“In order for coalitions to be successful, there must be a clear understanding of what it means to be part of that particular group. Showing solidarity with the group does not merely mean sticking by one another. Individuals must coalesce around some notion of principled solidarity, a unity based on certain shared values and visions. As pointed out earlier, coalitions cannot be based on shared experience and certainly not on a shared fear of ‘the Man’…We contend that this kind of fear may unite disparate groups of people for specific, short-term campaigns, but it will not prove useful in the long run since it does not force individuals to see how an injury to one person affects everybody. Again, this is why we find empathy a really problematic concept. It does not force people to be personally invested in causes that do not immediately affect them, and thus will not take us very far…Coalitional politics, thus, must be based on a shared understanding of oppression.(1) Empathy (alone) cannot foster horizontal comradeship because it is, like sympathy, based on vertical, hierarchical power relations. What we need in lieu of empathy is a conscious disavowal of white supremacist, capitalist patriarchy. Examining the ways in which we as individuals are constituted in and through interlocking, oppressive ideologies, as well as how we benefit from them, should lead to outrage and action on the part of all progressive individuals, not just those who are most obviously at the receiving end of the injustices. We must, furthermore, recognize that we are all disadvantaged by ideologies such as racism, sexism, and homophobia. Bernice Johnson Reagon talks of the importance of keeping our principles intact as we go about the dangerous business of coalition building (362-363). “The thing that must survive you,” she emphasizes, “is not just the record of your practice, but the principles that are the basis of your practice.” (Reagon 366) We need to see our work combatting racism, sexism, homophobia and other oppressive ideologies as a struggle for the future (not just a struggle for our own survival). This is why the principles on which our politics are based are more important than the specific actions we undertake.(1)This idea was echoed by Angela Davis and Cathy Cohen at the Color of Violence II conference held in Chicago in March 2002.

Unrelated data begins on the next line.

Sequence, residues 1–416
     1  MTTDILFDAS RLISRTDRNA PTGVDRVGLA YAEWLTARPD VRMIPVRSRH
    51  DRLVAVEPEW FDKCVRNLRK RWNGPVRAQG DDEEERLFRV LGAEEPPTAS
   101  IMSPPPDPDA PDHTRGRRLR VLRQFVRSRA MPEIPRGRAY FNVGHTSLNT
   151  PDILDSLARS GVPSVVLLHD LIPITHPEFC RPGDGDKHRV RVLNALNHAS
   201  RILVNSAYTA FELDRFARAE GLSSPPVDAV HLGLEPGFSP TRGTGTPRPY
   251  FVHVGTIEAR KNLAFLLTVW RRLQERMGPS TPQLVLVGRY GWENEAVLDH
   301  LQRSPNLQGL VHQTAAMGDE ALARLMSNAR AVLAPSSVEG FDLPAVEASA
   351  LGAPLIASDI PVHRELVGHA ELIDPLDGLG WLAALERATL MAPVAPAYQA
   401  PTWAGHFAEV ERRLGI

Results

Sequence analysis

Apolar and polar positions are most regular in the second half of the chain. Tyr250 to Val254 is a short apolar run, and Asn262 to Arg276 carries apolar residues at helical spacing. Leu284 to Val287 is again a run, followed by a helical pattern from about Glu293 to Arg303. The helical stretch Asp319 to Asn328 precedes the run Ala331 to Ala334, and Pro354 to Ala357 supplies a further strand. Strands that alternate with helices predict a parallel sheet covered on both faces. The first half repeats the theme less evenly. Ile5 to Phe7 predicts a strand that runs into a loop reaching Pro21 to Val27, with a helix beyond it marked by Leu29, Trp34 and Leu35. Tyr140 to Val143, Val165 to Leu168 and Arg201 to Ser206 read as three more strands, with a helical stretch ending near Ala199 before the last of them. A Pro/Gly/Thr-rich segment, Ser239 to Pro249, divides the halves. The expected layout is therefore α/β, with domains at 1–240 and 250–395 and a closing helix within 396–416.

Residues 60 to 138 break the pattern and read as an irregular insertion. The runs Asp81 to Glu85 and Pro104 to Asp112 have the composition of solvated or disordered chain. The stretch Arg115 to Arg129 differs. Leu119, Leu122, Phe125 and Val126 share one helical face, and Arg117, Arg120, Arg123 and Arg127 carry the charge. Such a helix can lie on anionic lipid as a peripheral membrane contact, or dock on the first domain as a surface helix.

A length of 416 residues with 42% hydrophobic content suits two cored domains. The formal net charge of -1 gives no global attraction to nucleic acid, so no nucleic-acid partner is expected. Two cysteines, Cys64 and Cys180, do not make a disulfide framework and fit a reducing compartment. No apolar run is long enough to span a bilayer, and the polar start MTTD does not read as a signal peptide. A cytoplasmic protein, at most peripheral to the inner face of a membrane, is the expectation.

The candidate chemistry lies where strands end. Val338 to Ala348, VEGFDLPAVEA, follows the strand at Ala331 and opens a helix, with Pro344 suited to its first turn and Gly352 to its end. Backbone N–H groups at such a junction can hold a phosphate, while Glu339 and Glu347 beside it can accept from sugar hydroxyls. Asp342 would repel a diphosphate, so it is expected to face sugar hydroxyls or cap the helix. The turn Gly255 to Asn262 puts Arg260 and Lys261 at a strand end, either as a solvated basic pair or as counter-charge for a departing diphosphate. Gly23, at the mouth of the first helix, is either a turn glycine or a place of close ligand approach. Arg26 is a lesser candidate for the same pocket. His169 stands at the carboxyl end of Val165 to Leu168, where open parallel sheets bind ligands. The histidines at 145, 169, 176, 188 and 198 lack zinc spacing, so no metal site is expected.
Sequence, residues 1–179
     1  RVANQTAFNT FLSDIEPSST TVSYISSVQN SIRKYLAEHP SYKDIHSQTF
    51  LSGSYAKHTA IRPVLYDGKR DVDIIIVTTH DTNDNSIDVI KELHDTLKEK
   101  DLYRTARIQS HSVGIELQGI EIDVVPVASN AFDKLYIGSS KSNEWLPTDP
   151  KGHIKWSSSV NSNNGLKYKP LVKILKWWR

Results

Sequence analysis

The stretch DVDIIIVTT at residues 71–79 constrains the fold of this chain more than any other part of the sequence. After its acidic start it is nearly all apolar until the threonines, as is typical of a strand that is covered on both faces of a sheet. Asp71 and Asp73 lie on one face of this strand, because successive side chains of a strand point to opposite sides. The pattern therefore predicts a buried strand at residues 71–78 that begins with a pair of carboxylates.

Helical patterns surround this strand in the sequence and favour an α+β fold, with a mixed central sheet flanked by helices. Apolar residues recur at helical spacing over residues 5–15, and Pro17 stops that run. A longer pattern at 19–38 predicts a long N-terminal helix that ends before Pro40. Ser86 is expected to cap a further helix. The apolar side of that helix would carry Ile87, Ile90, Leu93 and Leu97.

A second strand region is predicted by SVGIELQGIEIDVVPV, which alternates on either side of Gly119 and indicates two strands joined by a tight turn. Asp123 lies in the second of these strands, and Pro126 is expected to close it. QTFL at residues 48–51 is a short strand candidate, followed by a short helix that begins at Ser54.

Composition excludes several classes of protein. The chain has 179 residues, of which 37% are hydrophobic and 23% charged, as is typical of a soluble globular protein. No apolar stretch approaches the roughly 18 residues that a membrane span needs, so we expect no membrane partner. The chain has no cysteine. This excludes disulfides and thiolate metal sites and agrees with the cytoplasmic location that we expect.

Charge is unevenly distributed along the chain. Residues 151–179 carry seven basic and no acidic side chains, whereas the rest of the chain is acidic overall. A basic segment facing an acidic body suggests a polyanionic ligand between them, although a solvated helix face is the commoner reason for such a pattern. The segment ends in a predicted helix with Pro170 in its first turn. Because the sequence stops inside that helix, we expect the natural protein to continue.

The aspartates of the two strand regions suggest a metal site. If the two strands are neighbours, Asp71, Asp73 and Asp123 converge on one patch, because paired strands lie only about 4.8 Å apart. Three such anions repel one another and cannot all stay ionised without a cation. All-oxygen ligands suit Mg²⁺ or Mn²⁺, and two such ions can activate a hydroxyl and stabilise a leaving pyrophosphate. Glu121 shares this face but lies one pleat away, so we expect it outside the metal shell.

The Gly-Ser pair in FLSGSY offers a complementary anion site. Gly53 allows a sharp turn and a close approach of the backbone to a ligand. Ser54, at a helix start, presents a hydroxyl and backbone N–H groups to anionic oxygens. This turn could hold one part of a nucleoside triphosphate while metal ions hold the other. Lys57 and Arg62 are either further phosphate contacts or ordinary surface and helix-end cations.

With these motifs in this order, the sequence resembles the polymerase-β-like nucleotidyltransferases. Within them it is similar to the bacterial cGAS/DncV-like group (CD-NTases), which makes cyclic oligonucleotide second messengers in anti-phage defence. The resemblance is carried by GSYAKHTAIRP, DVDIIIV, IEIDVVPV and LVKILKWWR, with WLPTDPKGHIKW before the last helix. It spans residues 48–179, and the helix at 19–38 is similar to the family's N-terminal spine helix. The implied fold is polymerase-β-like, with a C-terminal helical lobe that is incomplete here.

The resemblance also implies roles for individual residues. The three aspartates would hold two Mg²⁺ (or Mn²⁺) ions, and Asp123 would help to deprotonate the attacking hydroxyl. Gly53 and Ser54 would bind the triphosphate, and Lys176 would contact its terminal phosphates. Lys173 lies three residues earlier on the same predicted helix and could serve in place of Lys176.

From “Empathy and Antiracist Feminist Coalitional Politics” by Maggie Caygill and Pavitra Sundar, in Rain and Thunder Issue #23, Summer Solstice 2004